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VOLUME 7 , ISSUE 1 ( Jan-Jun, 2018 ) > List of Articles

Postgraduate Abstracts

PG - 12: A Clinical and Mycological Study of Dermatophytosis in a Tertiary Care Hospital

M Rajesh

Citation Information : Rajesh M. PG - 12: A Clinical and Mycological Study of Dermatophytosis in a Tertiary Care Hospital. 2018; 7 (1):33-33.

DOI: 10.5005/jp-journals-10085-7130

License: CC BY-NC 4.0

Published Online: 01-03-2020

Copyright Statement:  Copyright © 2018; The Author(s).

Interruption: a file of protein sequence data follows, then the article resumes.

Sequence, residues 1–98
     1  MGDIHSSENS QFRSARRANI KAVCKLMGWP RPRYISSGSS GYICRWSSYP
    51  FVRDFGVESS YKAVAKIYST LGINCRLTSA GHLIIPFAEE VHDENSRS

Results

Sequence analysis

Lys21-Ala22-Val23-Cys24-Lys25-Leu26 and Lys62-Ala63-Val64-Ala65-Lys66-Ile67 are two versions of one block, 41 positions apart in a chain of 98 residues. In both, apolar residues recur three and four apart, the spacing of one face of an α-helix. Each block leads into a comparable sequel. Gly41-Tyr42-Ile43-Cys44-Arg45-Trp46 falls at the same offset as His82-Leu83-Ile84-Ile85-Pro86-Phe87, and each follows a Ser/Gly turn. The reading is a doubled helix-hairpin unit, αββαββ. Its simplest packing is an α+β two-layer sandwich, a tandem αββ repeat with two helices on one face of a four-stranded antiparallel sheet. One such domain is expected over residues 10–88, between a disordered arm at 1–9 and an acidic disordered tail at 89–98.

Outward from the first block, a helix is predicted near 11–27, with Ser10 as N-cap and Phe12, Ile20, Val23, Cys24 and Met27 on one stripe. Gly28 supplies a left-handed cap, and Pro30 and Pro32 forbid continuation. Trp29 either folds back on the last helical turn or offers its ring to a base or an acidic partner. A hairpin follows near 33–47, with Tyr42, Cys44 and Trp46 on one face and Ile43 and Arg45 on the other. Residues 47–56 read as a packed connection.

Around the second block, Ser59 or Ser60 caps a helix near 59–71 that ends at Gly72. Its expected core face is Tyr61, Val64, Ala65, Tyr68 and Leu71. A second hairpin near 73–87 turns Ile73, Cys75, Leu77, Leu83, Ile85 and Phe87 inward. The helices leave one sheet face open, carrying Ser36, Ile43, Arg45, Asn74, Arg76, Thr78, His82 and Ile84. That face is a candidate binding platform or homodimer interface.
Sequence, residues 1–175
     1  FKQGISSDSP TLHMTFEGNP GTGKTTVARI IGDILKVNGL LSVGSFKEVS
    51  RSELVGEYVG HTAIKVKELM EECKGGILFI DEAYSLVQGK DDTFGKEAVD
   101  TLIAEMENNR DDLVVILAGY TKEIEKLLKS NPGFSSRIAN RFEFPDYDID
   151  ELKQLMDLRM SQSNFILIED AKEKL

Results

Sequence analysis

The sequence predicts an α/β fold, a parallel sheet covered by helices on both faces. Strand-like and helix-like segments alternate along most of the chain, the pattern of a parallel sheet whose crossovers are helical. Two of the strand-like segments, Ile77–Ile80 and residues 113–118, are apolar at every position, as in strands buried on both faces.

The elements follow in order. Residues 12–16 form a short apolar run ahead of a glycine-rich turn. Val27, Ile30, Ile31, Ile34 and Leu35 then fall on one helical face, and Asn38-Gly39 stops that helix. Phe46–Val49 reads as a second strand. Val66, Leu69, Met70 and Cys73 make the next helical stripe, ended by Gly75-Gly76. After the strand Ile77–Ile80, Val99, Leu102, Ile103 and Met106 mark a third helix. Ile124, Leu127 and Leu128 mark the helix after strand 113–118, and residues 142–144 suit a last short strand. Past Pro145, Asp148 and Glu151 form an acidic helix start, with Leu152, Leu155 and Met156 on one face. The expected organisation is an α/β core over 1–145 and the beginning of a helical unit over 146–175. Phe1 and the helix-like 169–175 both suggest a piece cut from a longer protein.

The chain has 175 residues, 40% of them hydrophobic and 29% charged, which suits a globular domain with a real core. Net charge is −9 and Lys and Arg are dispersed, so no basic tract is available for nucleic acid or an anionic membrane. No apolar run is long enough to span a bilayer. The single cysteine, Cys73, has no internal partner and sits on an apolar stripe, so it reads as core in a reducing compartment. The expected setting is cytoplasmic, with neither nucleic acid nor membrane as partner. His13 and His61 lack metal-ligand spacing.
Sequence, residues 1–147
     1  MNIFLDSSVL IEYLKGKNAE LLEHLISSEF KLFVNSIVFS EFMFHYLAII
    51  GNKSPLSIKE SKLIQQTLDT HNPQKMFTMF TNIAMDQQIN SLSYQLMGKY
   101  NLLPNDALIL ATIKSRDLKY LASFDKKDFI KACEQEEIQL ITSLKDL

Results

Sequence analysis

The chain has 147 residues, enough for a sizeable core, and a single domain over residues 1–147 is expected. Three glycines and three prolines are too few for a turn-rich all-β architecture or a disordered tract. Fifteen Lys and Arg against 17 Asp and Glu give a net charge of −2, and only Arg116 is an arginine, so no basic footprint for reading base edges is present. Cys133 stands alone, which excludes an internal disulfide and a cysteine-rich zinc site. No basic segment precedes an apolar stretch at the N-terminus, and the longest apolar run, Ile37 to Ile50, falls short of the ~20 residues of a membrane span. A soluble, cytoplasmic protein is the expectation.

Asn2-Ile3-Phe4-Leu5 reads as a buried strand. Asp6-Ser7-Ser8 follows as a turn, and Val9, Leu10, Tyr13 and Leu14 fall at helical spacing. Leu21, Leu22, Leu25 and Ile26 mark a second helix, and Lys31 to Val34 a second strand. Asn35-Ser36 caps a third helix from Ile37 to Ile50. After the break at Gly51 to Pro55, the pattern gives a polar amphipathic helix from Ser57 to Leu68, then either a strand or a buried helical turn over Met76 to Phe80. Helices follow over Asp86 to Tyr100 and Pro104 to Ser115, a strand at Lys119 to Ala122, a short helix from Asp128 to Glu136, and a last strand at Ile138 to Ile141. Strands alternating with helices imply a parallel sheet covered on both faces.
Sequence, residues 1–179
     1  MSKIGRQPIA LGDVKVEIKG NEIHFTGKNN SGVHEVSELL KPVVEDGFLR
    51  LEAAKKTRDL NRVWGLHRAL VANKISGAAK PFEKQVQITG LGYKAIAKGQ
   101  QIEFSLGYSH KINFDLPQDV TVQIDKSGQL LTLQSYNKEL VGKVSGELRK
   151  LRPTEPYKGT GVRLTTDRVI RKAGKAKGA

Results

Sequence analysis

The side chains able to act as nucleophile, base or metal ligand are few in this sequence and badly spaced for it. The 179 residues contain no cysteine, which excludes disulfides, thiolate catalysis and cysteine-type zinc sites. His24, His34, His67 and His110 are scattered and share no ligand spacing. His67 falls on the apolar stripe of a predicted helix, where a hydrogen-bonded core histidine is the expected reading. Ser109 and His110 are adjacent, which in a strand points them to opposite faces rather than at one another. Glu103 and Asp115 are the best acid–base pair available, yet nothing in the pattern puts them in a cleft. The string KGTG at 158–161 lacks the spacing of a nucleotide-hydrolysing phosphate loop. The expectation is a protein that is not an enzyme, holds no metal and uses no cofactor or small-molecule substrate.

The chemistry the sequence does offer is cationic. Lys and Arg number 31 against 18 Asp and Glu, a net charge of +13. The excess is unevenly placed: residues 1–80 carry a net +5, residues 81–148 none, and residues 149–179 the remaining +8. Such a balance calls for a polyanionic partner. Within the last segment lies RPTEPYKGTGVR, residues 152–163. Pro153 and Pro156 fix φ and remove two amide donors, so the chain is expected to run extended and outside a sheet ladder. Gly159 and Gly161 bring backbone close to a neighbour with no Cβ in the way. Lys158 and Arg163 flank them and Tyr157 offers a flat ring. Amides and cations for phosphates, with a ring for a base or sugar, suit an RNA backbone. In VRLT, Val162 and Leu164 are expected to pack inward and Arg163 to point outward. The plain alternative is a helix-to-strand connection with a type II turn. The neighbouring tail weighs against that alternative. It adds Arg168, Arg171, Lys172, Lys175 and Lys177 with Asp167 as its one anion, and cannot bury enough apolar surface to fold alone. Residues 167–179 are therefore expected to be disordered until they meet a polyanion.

Introduction: Around the globe, the most common fungal agents which have been linked with superficial infections of the skin are Dermatophytes. With changing weather conditions, socio-demographic profile of the populations and the economic conditions and occupational profile of the population, the profile of the dermatophyte infections is also a constantly changing phenomenon. Understanding these changing profile is highly important for health care practitioners at different levels to be able to treat them effectively. Also a good understanding of the profile of patients affected by these agents may enable the clinicians to plan appropriate preventive measures in high risk groups. This understanding is highly essential in resource poor settings like India, where the diagnostic facilities to isolate fungi may not be available at all levels of healthcare and a major proportion of these cases are treated empirically. Aims and Objectives: To find out the prevalence of various clinical pattern of dermatophytosis and correlate the clinical diagnosis with KOH positivity and fungal culture positivity. Materials & Methods: The current study was a prospective observational study. Conducted in the department of dermatology Mahatma Gandhi Medical College & Research Institute, Pillaiyarkuppam Pondicherry. the study population included patients presenting to the dermatology outpatient department, with skin lesions suggestive of dermatophyte infections All patients who are clinically diagnosed to have dermatophytosis between January 2016 to July 2017at department of DVL OPD in MGMCRI were included. Results: The mean age of the patients affected by dermatophyte infections was 33.65 ± 11.61 years, with the majority belonging to 16 to 30 years of age group. There was a high Male preponderance, as 72% of the affected population were males with a male: female ratio of 2.57: 1. The most common clinical diagnosis was Tinea corporis seen in 47.50% of the population, followed by tenia Ungum in 28% and tenia cruris in 19.50%. KOH positivity was seen in 86 (43%) out of 200 cases in the study population. The culture was positive in 55 (27.50%) of the study population. The most common organism isolated in culture was Trichophyton mentagrophyte (10%), followed by Trichophyton rubrum (9.5%) and Trichophyton tonsurans (5.5%). KOH positivity was highest in 46 to 60 years of age (50%). It was more in males as compared to females (47.91% Vs, 30.35%, P-value 0.446) but the difference was statistically not significant. Among the study population, 55 (27.5%) of the people had both culture and KOH positive. Among 31 (15.5%) people KOH was positive but culture was negative. None of the subjects had KOH negative status when culture was negative in the study. Neither KOH nor culture was positive in 114 (57%) patients Conclusions: Dermatophyte infections commonly affect the young and economically productive population in 16 to 30-year age group, with high male preponderance. Tinea corporis was the most common clinical form and Trichophyton mentagrophyte was the most common organism. KOH tends to show a higher proportion of positivity as compared to culture.

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